An animal does not run away, but moves to a safe place, such as a rabbit to its hole.
While mistakenly included with submission and appeasement to be described as avoidance, these characteristics reflect social behavior, not defense. Flight is simply getting away by running and trickery.
This behavior makes the attacked confront its adversary and, through displays and posturing, it is often made to seem too great a threat so the attacker quits the battle. It is often a war of nerves. Defense is most often shown by prey against predators and we should remember that the first rule of the predator is to avoid serious injury; an injured predator is a dead predator. Therefore, these displays are often important in breaking off an engagement where the attacker, not the prey, fears injury.
Most often seen in young mammals and birds, this behavior requires the animal to simply remain motionless in hopes that the threat will go away or fail to see it. It is also a behavior we will see in beginning protection training, where the dog's temperament gives it neither the motivation to escape or attack.
While I have never been able to find a clear, all inclusive, definition of the word, aggression will be defined as hostile or attack behavior against animals of a different species, beyond the displays and posturing of bluffing.
In later installments, I will attempt to differentiate defense aggression, in those cases involving different species, from social aggression, where the dog's handler or another dog is involved, but it is important to distinguish between the above behaviors in defense from similar behaviors we might see during social interaction. While social responses can be similar to those we see in defense, the motivation behind the behaviors is what makes them different. In defense, behavior must be directed against a predator or an animal of a different species (excluding a human's relationship with his dog). In social behavior, responses are driven by the fundamental social status among animals of the same species. Social behavior requires that the animal's acts be controlled with no behavior leading to the destruction or significant injury of any pack member, although things can go wrong with resulting serious harm. Any alternative would lead to the destruction of the social order of the pack and its ability to produce future generations. Therefore, when watching dogs, make sure that you always understand this important distinction between basic defense and social behaviors, no matter how similar they may appear.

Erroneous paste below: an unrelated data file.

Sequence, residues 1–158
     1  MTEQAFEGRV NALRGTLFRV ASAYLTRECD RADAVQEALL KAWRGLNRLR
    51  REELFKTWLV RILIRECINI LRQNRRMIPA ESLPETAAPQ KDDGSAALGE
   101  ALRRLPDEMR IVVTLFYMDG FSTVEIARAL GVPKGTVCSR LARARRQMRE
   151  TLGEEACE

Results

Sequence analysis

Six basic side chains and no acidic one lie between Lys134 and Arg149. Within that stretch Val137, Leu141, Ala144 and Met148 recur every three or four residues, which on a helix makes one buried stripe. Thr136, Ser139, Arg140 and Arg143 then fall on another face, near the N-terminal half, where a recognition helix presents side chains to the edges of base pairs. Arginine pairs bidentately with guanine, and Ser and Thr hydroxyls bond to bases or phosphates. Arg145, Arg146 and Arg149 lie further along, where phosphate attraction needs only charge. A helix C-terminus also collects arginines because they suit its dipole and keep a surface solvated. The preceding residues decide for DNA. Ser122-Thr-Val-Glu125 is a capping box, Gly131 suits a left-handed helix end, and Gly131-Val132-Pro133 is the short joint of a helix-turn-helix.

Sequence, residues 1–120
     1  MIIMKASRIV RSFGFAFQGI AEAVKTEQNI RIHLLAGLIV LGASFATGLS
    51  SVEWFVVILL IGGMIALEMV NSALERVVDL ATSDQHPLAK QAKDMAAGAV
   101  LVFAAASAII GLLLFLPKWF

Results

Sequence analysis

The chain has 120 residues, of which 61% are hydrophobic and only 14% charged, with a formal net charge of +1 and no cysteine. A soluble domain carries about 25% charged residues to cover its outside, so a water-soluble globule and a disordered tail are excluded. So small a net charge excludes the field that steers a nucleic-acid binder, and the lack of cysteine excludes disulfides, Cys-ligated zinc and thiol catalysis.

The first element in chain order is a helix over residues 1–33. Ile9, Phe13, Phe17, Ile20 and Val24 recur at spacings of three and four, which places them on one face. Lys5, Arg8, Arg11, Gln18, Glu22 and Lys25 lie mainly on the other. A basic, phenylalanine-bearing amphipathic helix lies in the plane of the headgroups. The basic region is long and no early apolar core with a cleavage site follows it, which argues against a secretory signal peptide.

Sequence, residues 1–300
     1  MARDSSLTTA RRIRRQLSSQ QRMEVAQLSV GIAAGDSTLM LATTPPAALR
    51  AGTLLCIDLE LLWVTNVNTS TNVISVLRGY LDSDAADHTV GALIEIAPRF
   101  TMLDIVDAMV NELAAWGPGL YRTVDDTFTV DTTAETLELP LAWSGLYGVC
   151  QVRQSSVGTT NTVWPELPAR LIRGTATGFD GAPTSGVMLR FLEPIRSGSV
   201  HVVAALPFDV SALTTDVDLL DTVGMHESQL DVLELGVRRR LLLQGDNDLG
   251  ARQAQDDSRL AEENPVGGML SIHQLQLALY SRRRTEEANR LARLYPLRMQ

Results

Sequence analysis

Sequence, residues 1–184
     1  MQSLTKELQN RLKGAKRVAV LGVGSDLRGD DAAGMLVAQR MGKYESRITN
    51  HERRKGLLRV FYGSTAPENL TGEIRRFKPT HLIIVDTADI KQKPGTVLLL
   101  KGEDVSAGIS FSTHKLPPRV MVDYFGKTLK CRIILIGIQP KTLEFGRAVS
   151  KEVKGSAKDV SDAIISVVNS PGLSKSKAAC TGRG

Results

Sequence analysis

Among all of the defense strategies we have examined, only a few are experienced in dog training. Flight, displays, freezing and aggression are experienced in week to week training sessions with different dogs and, in fact, it is all these characteristics that must be identified and worked on to produce a top working dog. If a dog attempts to flee, display instead of attack or simply becomes passive during training, the protection trainer must work to eliminate these responses. If the dog shows aggression, the character of the aggressive responses may be improper with the dog either out of control in its defense drive or displaying the wrong kind of aggression. Aggression is not a simple process of the dog willing to attack an adversary, but can take two entirely different forms.
Let's examine two different situations in which a dog might find itself where aggression is the result. In the first, a dog is trained to patrol a farm and stop any intruder from coming onto the property. It freely patrols the farm until it finds a bear entering the farm to invade the farmer's bee hives. The dog will first display through barking and making its body apparently larger (raised hackles, stiff front legs, ears extended forward, deep barking and quick, but aggressive, advancement against the bear.) If the displays don't work against the bear so it continues to advance, the dog must then make a decision to shift to another form of defense behavior, either flight or aggression. The important point is that this is a voluntary act by the dog; it either runs or fights. Either behavior is a legitimate defense, so the dog wins no matter which way it reacts.